2 New Faces on `Most Wanted' List
The Federal Bureau of Investigation added Islamic militant Osama bin Laden and James Kopp, the alleged killer of an abortion doctor, to its "10 Most Wanted" list yesterday, replacing the two Libyans accused of the 1988 bombing of an airliner over Lockerbie, Scotland.
The Saudi-born bin Laden has been indicted in the United States for allegedly masterminding the August 1998 bombings of U.S. embassies in Kenya and Tanzania, which killed more than 200 people.
Kopp is wanted for allegedly killing Barnett Slepian, a doctor who performed abortions, at Slepian's home in Amherst, N.Y., in October.
"We sincerely hope that people all over the world who believe in justice and the rule of law will join us in an effort to find Osama bin Laden and James Charles Kopp," Attorney General Janet Reno said at a news conference.
Anti-Missile Rocket Gets Another Try
The U.S. military will conduct a key test of its troubled anti-missile defense rocket high over New Mexico today after six successive test failures, the Pentagon said yesterday.
The test, postponed two weeks ago when a target missile went out of control, will be conducted over the White Sands, N.M., missile test range at about 5 a.m. MDT. The Theater High-Altitude Area Defense (THAAD) missile, being developed by Lockheed Martin Corp. to track and collide with attacking enemy warheads in flight, will be fired at a Hera test missile over the military's White Sands test site.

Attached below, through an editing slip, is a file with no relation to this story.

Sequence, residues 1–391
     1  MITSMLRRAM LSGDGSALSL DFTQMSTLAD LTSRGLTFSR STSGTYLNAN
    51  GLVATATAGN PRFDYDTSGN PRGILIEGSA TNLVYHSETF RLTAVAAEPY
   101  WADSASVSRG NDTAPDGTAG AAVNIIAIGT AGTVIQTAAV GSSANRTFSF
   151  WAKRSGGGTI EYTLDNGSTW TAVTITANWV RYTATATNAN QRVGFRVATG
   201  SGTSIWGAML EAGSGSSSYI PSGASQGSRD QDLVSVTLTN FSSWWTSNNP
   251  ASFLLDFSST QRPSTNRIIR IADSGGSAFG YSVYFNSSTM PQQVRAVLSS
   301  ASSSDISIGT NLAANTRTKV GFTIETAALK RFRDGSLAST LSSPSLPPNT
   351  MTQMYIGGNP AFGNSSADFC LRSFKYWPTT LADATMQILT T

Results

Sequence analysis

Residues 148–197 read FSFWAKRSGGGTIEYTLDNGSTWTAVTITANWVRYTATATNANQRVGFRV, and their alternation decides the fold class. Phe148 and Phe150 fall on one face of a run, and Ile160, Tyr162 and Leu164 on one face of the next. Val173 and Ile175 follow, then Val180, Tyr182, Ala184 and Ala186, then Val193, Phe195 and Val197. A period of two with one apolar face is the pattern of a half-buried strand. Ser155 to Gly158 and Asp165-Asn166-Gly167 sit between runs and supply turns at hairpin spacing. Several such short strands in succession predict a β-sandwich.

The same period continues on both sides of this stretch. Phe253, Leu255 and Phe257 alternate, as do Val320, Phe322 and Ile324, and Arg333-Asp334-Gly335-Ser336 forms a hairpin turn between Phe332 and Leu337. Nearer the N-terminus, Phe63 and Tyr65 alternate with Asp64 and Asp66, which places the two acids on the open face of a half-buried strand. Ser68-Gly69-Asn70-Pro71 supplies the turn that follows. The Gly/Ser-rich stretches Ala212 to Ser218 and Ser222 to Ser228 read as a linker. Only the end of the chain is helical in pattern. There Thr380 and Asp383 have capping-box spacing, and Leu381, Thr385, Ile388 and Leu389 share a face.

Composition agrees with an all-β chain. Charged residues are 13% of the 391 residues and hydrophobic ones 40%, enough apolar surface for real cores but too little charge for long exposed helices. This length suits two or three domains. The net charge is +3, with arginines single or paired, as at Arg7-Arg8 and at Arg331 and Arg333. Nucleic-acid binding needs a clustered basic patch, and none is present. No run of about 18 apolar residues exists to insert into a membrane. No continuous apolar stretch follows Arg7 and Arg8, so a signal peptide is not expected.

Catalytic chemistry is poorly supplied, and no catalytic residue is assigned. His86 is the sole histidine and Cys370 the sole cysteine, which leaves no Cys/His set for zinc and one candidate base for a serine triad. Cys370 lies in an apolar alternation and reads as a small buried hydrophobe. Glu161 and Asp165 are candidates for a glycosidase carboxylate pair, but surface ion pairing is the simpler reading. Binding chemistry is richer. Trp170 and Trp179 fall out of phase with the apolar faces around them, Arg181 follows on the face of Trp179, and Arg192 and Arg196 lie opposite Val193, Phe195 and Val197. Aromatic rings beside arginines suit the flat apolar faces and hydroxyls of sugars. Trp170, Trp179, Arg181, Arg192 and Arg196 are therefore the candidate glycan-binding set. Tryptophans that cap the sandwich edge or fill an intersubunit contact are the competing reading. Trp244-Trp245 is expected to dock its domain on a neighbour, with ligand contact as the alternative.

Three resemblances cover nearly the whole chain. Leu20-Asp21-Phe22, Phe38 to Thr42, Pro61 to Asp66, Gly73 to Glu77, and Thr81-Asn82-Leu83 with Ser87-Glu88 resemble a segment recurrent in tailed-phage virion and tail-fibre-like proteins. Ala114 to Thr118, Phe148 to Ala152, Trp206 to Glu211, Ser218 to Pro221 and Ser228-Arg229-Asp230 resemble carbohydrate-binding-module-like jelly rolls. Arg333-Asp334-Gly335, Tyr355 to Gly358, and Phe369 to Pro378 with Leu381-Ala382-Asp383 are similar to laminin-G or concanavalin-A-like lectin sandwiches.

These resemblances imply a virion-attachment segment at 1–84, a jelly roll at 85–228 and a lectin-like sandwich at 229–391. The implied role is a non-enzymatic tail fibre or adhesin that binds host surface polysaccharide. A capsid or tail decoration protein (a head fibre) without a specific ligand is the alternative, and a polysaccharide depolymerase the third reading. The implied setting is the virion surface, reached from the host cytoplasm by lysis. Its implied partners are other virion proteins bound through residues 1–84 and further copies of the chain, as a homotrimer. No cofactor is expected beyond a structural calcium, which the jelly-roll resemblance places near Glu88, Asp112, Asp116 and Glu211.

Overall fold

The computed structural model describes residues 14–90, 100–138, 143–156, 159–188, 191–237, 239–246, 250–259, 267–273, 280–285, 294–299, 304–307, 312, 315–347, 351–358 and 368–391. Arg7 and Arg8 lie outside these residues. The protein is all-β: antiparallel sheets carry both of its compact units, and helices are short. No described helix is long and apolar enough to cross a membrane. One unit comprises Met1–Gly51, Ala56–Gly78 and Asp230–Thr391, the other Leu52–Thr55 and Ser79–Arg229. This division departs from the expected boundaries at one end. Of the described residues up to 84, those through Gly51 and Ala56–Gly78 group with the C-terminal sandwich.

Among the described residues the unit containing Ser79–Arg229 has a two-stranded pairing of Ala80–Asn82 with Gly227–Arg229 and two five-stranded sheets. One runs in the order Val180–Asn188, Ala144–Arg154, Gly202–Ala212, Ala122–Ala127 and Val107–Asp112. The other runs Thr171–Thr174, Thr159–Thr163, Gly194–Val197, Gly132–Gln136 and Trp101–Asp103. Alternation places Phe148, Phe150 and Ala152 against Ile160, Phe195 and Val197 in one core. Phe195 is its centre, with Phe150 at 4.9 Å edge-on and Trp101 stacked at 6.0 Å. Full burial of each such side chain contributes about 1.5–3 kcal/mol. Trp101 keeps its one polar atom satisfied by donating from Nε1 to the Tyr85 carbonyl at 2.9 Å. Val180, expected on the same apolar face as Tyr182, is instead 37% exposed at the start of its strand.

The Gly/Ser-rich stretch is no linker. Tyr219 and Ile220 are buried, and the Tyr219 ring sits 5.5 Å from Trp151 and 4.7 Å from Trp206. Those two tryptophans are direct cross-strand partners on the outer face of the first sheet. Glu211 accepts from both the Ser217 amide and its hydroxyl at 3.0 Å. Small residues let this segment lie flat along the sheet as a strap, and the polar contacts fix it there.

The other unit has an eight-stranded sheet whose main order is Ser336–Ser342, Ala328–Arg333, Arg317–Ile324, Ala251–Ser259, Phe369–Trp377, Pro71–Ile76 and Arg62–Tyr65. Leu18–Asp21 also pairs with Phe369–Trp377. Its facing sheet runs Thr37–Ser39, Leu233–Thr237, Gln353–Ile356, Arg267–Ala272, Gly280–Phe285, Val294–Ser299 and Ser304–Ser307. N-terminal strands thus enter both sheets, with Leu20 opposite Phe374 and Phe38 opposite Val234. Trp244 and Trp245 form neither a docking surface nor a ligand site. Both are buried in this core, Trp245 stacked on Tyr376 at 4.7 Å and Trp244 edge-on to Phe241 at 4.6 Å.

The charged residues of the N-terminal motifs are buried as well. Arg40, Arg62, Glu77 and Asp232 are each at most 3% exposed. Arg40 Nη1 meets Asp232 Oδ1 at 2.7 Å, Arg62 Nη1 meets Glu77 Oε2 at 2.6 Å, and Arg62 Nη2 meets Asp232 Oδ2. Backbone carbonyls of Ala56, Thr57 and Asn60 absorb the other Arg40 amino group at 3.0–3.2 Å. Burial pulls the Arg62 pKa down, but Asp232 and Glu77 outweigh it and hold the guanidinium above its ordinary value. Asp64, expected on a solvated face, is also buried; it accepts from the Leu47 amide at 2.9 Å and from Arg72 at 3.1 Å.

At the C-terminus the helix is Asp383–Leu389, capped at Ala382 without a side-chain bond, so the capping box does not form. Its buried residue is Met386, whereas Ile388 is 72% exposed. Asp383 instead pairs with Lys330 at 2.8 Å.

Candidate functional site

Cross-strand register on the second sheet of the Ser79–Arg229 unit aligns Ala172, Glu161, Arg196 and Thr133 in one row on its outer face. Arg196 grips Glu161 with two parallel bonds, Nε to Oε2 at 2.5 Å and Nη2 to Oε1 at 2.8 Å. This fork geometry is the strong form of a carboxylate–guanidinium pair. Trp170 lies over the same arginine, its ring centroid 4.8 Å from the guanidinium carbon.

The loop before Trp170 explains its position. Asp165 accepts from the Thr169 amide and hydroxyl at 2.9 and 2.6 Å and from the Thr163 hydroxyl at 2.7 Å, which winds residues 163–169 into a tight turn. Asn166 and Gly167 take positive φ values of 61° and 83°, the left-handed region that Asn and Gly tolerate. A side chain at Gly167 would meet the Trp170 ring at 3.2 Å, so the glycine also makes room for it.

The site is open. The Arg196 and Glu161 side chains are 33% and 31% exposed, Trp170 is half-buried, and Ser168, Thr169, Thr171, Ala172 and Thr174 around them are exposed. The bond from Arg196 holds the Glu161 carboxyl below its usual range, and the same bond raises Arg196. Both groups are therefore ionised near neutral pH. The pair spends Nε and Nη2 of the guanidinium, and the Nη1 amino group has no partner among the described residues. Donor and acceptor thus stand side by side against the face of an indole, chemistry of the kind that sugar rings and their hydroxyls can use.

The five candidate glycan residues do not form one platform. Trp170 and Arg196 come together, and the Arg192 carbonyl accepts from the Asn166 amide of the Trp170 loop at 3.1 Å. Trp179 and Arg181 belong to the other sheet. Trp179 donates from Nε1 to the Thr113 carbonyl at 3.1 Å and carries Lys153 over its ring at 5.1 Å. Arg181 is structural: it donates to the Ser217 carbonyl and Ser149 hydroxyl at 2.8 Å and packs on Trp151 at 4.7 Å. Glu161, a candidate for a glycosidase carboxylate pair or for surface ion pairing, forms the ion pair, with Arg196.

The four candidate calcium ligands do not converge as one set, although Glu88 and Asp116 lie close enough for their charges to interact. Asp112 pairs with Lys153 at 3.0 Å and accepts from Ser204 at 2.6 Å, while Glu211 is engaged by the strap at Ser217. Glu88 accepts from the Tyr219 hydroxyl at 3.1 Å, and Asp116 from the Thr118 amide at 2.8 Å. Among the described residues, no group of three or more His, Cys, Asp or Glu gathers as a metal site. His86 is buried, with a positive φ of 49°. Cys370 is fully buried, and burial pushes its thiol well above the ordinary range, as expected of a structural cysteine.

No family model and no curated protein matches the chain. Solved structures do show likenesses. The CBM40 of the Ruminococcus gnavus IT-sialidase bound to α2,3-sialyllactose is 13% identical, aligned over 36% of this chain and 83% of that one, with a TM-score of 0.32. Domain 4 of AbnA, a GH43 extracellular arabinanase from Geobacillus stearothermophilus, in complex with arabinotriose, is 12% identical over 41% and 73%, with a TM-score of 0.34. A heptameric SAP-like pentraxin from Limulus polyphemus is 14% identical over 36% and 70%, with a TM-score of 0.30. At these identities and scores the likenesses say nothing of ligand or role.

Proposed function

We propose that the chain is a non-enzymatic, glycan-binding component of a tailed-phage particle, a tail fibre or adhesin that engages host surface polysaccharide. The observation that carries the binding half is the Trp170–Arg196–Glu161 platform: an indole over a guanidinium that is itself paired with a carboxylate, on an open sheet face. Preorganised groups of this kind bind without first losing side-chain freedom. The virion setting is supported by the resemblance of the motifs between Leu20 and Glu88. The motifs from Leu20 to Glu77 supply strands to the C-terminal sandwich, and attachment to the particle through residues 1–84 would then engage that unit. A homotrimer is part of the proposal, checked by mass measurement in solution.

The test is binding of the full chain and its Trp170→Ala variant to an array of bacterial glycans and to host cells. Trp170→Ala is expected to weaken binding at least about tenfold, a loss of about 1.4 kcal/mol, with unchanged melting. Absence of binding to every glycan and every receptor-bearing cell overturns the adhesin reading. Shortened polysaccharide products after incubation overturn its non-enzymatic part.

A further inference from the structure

The planned test will be closely watched because of a string of six failures before last month's aborted try. The Clinton administration faces pressure from Congress to put in place both a system like THAAD against medium-range missiles as well as an even more ambitious national missile defense system.
Cisneros's Trial Pushed to September
The trial of former housing secretary Henry G. Cisneros, initially set to begin July 6, was pushed back into September after a judge expressed concerns about finding enough jurors to work through the summer.
U.S. District Judge Stanley Sporkin said he now plans to begin jury selection on Sept. 7. Attorneys on both sides said they expect the trial to take at least four weeks. Cisneros faces 18 felony charges stemming from allegations that he lied to the FBI about hush money payments to a former mistress.
Cisneros, who has denied any wrongdoing, is accused of trying to keep details of his relationship with Linda Jones from the FBI and others, both before and after his confirmation as housing secretary in 1993. Jones, who at the time went by the name of Medlar, has become a government witness.